Nov 26, 2019, 8:11pm

67. A Bitter Feast by Deborah Crombie, narrated by Gerard Doyle

The newest book is the 18th in the Duncan Kincaid/ Gemma James series and I’m still enjoying them. Duncan and Gemma have been invited to the Cotswolds by Melody Talbot to visit her family home. Melody’s mother has invited several food critics to a charity luncheon where she hopes to launch the career of a talented local chef, Vivian Holland. Of course there is a mystery involved, but Crombie’s stories are filled with interesting characters and places which I really enjoy. If you haven’t read this series, I’d start at the beginning, but I can say that they just keep getting better as the series continues. If you don’t like your mysteries with personal details about the characters this wouldn’t be the series for you.

Dez 24, 2019, 2:58pm

Hi Colleen, just dropping in to say I've missed you recently and to wish you greetings of the season. I hope you are well and that your absence is because you are enjoying an exotic vacation.

Dez 25, 2019, 1:24pm

>52 VivienneR: Hi Vivienne. Merry Christmas. Life has been a bit turned upside down the past couple of weeks. My hubby has been going through some health issues for a little over a year. Two weeks ago, they finally diagnosed it as ALS. He is retiring in February, and had been looking forward to that. Now the prospects are much different. My heart is breaking for him and I’m just unable to focus on reading or anything right now. I’ll get back to it soon. I have been peeking in at peoples threads, and will continue to do so.

I wish everyone a Merry Christmas, and hope that the New Year brings you lots of happiness and silver linings.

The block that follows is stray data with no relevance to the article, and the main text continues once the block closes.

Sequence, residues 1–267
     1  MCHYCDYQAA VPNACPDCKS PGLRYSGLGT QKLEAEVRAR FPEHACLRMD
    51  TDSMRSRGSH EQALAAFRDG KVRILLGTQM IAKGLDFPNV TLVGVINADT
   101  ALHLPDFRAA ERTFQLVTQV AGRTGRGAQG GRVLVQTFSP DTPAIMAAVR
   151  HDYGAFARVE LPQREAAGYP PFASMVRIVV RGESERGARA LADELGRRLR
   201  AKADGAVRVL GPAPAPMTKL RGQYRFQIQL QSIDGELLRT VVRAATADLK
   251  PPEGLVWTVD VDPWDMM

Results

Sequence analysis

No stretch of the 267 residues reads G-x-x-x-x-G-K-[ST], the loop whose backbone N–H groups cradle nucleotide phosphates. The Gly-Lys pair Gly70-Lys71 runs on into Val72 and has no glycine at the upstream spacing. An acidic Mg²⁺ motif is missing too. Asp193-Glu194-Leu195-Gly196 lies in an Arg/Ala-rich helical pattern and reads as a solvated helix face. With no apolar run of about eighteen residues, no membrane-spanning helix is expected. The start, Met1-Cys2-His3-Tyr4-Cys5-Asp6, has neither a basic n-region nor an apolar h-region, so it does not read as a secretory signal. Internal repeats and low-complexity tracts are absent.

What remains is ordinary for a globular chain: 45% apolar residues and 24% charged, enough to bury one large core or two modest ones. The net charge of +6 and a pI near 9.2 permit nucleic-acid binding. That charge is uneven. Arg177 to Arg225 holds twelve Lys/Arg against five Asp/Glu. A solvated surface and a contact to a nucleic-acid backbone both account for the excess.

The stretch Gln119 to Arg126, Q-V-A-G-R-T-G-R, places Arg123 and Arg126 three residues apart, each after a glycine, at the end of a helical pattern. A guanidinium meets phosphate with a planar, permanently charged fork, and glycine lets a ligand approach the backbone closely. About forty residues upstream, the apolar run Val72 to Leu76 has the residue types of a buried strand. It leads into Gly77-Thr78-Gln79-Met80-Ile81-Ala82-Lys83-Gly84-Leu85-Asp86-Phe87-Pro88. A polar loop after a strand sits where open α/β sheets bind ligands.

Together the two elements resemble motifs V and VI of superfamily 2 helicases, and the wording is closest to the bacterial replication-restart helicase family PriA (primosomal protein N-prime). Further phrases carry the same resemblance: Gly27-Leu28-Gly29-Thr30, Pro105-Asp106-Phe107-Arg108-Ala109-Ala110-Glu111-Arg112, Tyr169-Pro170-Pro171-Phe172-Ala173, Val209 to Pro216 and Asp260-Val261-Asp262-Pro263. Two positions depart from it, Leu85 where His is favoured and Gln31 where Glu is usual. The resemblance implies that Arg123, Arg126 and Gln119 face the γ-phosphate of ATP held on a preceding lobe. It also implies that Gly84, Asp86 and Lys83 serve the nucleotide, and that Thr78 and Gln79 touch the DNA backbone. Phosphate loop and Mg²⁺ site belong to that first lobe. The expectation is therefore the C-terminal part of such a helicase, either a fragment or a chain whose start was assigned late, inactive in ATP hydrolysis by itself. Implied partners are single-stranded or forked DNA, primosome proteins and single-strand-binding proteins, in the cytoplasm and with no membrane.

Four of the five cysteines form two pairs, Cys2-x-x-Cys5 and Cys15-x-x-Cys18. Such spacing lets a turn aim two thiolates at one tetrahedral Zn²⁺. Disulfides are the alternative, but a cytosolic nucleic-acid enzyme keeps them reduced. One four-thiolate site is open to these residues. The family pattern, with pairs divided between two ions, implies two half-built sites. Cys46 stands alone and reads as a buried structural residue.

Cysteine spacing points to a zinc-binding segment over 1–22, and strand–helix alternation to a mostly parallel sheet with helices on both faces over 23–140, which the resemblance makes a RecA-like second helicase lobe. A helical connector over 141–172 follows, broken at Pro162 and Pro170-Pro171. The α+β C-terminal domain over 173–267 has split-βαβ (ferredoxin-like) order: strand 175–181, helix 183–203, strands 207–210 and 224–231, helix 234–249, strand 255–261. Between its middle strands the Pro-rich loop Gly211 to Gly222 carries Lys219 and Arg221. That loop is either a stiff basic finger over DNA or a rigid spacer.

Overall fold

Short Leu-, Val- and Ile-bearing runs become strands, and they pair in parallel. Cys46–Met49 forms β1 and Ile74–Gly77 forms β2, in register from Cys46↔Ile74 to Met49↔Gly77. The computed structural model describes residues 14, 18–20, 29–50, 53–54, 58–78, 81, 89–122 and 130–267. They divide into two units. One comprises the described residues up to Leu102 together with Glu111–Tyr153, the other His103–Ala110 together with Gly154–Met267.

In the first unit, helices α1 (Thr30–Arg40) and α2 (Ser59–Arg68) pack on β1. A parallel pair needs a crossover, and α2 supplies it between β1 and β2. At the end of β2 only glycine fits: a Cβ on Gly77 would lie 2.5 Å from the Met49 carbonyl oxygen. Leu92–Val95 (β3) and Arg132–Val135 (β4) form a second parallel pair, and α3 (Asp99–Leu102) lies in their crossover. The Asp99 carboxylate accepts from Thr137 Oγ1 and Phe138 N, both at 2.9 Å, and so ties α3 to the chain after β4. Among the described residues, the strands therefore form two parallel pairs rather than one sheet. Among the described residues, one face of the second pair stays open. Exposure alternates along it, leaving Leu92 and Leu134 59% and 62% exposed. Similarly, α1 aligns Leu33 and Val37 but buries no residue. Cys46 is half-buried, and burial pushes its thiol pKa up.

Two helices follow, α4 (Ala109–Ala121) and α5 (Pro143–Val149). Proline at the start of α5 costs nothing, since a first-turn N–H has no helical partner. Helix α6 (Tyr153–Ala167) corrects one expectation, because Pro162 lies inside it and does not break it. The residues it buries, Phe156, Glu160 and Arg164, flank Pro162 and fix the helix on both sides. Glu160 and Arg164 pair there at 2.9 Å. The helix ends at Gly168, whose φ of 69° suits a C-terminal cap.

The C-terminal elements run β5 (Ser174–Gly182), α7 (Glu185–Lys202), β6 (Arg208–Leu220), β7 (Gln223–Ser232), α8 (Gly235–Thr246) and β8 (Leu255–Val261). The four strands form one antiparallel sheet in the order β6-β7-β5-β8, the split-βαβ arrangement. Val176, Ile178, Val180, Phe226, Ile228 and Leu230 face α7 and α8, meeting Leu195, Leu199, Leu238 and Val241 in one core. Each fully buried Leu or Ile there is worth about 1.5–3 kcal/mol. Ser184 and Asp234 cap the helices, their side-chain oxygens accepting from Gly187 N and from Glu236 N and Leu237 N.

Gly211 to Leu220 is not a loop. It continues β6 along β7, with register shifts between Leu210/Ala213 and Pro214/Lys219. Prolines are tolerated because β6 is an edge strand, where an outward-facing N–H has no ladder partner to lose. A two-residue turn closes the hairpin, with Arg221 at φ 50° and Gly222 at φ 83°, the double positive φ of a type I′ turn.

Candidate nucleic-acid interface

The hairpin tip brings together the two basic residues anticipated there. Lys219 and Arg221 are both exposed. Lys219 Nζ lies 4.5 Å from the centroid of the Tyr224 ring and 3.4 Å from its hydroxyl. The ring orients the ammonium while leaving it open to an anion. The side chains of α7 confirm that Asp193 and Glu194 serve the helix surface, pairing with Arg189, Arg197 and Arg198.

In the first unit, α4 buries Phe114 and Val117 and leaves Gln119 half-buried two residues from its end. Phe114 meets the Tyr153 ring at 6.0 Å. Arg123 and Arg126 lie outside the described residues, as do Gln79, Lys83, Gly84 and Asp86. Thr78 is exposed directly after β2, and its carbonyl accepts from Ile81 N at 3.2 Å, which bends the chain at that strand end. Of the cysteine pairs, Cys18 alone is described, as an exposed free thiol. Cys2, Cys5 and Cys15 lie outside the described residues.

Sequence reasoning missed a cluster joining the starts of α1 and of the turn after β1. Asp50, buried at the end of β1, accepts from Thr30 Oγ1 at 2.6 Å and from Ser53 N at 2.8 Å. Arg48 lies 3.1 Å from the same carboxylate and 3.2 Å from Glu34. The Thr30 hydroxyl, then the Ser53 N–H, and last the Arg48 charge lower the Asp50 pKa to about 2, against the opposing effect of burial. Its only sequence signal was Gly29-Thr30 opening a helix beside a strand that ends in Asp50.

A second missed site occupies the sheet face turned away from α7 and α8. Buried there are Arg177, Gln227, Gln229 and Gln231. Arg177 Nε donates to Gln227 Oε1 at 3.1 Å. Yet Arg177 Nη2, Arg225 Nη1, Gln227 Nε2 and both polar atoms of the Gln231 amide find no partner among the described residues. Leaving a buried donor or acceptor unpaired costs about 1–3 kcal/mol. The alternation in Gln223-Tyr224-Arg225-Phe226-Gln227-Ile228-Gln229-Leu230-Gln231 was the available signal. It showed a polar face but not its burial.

Dez 25, 2019, 6:57pm

>53 NanaCC: Colleen, I'm really sorry to hear you've been dealing with such devastating news. I'm sure today has been particularly difficult. We look forward to when you get back to some reading, but you're in our thoughts regardless.

Editado: Dez 25, 2019, 8:07pm

>53 NanaCC: I'm very sorry to hear your husband's difficult diagnosis, Colleen. My heart goes out to both of you. I hope there is treatment that will keep his quality of life up for a long time.

Dez 25, 2019, 8:16pm

Colleen, I'm so sorry to hear about your husband's diagnosis. In my choir we often send messages in song to members in need:
We are sending you light, to hold you, to heal you ...
We are sending you light, to hold you in love

Thinking of you and your family, and sending you light. xx

Dez 26, 2019, 1:09am

>53 NanaCC: I'm so sorry you and your husband have had such heartbreaking news. You will both be in my thoughts.

Dez 26, 2019, 7:27am

I’m so sorry to hear about your husband’s diagnosis, Colleen. All the very best to you both.

Dez 26, 2019, 1:18pm

Oh Colleen I'm so sorry to hear of your dear husband's illness. Here's hoping the treatment will give you both some peace.